"What happened in the ninth month? I'm almost afraid to ask."

"I said, 'Hon, you really should think about sleeping on the sofa. I can't take another body next to me in bed.' So he moved to the sofa. And then I had the baby, and we still aren't having sex. I'm just too exhausted, and really I don't miss it."

I thought about Gavin, Marie's tattooed, pierced and motorcycle-riding boyfriend who is also just about the friendliest and most polite person I've ever met. He owns a rowdy bar in the Haight that routinely hosts fistfights and homicide threats. When things get particularly hairy, Gavin can often be seen talking calmly to the offender at a dark corner table, trying to reason with him, while everyone else is screaming about calling the police. He's been with Marie for more than 10 loving years, but I had a hard time imagining how even he was handling this.

"But I know he misses it," she continued, "so the other day, I sat him down. He'd been jerking off about five times a day, so I just said, 'Look, here's the deal. Why don't you have an affair? There must be some cocktail waitress or bartender that wants to sleep with you. I want you to be happy, and I just don't want to have sex right now.'"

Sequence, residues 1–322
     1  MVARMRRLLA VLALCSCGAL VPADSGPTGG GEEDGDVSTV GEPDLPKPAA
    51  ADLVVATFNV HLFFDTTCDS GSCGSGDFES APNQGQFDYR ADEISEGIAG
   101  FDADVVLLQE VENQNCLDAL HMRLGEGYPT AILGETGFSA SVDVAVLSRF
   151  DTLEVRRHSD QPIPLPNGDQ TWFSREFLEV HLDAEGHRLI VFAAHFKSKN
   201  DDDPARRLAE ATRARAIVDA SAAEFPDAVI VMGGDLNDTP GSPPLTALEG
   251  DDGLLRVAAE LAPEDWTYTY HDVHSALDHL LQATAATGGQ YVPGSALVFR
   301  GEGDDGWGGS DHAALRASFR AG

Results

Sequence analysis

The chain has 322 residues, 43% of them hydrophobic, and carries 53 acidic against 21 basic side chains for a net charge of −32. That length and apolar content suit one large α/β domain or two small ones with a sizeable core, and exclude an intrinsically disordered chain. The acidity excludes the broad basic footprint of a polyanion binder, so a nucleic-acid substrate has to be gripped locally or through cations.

"Jesus, Marie," I said. Maybe I'm more conservative than I thought. "What did he say?"

"At first he was shocked. Then when he got used to the idea, I think maybe it seemed like a good option. We started to go through a list of all the possible women. Karen, the one with the red hair? Or Raven, the Goth girl with the tongue pierce? We couldn't make up our minds. There were a lot of good possibilities."

"Wow," I said. "Talk about modern."

"The only thing I insisted on," she continued, frowning as she measured two ends, "was that he tell me who it was and that he use a condom. I mean, of course. I just didn't want him sneaking around, you know? But I want him to be happy, and I know he likes sex, so ..." She began snipping methodically. "You'll see. You might encourage the same thing."

"I don't think so, Marie. I don't think I could do it. I'm not that secure."

"Oh, he didn't actually do it," she said. "I knew he wouldn't. I just wanted him to feel that he could. I mean, the whole point of having a sexual dalliance is the sordid sneakiness of it. And I guess, once we talked about the whole thing, it kind of took the wind out of his sails. Maybe if I hadn't told him he could, he would have. Or if I told him he couldn't, he would. Who knows?"

"What if he did have an affair? If he actually took you up on your offer?"

"I'd probably kill him," she said cheerfully. "Knowing me. This is all hypothetical. I'm sure we're going to be having sex soon again. It's just a matter of time." She spun me around in the chair and held a hand mirror so I could see the back. "Just wait till you have a baby. Everything changes, but sex changes the most. You'll see." She hummed a little bit.

"I can hardly wait," I said.

By Courtney Weaver